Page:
I guess you'll like it a lot.
I think there's also an aspect of mass consumer culture criticism in this decay of interdependent structures like family and village (which has replaced the tribe). These were the common basic social units and they have been largely replaced by Hobbesian individuals who need to fight for themselves. The isolated consumer who solves his problems by buying instead of relying on community or family is a very recent phenomenon and I think it's part of the design of consumer culture. This isolation makes people more dependent on the consumer market. Don't ask your neighbor for sugar, go to the convenience store, etc. The book Bowling Alone is a well-known description of this development.


jacob
Site Admin
Posts: 12980
Joined: Fri Jun 28, 2013 8:38 pm
Location: USA, Zone 5b, Koppen Dfa, Elev. 620ft, Walkscore 73
Contact:

Post by jacob »

@Felix - I bought and read the 2"x2" mini-version of Seven Habits years ago. It didn't go into much detail :-P
I'll get the full version.


Felix
Posts: 1272
Joined: Fri Nov 05, 2010 6:30 pm

Post by Felix »

Haha, I bought that one by mistake once. It's a rather quick read ... :D The full version is more substantial.


User avatar
Stahlmann
Posts: 908
Joined: Fri Sep 02, 2016 6:05 pm

Re: ERE: Should or can?

Post by Stahlmann »

*wanna*, but struggling with application/not seeing the depth apart financial savings approach and/or don't have any idea how to start some others capitals (due to cultural lock in).

yea, at the end there gonna be only Stahlamann's bumps and jacob's posts :lol:.

User avatar
jennypenny
Posts: 6618
Joined: Sun Jul 03, 2011 2:20 pm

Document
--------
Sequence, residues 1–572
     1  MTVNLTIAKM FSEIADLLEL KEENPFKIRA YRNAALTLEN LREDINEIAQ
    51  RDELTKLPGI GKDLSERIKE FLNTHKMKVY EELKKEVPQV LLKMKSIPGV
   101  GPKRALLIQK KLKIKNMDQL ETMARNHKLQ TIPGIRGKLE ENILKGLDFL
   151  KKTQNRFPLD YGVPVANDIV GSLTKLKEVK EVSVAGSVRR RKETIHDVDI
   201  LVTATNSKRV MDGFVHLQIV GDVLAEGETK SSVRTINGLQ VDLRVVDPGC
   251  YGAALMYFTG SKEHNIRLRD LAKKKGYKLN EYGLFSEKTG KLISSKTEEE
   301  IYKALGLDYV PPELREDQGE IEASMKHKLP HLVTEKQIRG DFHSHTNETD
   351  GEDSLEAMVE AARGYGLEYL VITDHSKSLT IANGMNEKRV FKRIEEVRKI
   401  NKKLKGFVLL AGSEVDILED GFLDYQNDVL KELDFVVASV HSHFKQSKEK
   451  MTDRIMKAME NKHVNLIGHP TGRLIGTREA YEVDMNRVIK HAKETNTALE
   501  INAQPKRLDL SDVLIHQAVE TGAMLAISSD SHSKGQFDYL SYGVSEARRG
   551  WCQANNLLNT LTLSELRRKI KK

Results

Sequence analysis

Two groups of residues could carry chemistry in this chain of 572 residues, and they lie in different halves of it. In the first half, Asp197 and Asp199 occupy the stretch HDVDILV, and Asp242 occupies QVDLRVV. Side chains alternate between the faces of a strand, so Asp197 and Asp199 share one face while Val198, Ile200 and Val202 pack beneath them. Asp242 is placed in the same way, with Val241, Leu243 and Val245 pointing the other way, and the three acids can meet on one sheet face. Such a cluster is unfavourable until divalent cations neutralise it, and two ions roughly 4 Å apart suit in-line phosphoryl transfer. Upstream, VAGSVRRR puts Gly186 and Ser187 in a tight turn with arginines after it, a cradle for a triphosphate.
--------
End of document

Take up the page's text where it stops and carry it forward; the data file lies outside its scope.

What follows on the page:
Location: Stepford USA

Re: ERE: Should or can?

Post by jennypenny »

@Stahlmann -- I really hope you figure out how to make it work. You've earned it since you've probably read more of the forum than most people at this point.

User avatar
Lemur
Posts: 884
Joined: Sun Jun 12, 2016 1:40 am

Re: ERE: Should or can?

Post by Lemur »

@Stahlmann

Not to sound like a self-help guru, but it is time to stop reading and to start doing :)

Though Lemur posts a lot too...but it is usually because I'm at work and I've already automated 90% of my tasks lol. The other time is spent looking busy...in a virtual world. Means every now and then you post on MSFT TEAMS or Slack...also your mouse has to keep moving to stay active and online.

What helped me is to not focus so much on the financial aspects but the other capitals....social capital is tough in these times but there is still plenty of skill-building to do.

Hristo Botev
Posts: 1109
Joined: Tue Jul 17, 2018 3:42 am

Re: ERE: Should or can?

Post by Hristo Botev »

Lemur wrote:
Mon Sep 21, 2020 3:52 pm
Though Lemur posts a lot too...but it is usually because I'm at work and I've already automated 90% of my tasks lol. The other time is spent looking busy...in a virtual world.
:lol: I won't tell your colleagues if you don't tell mine!

Post Reply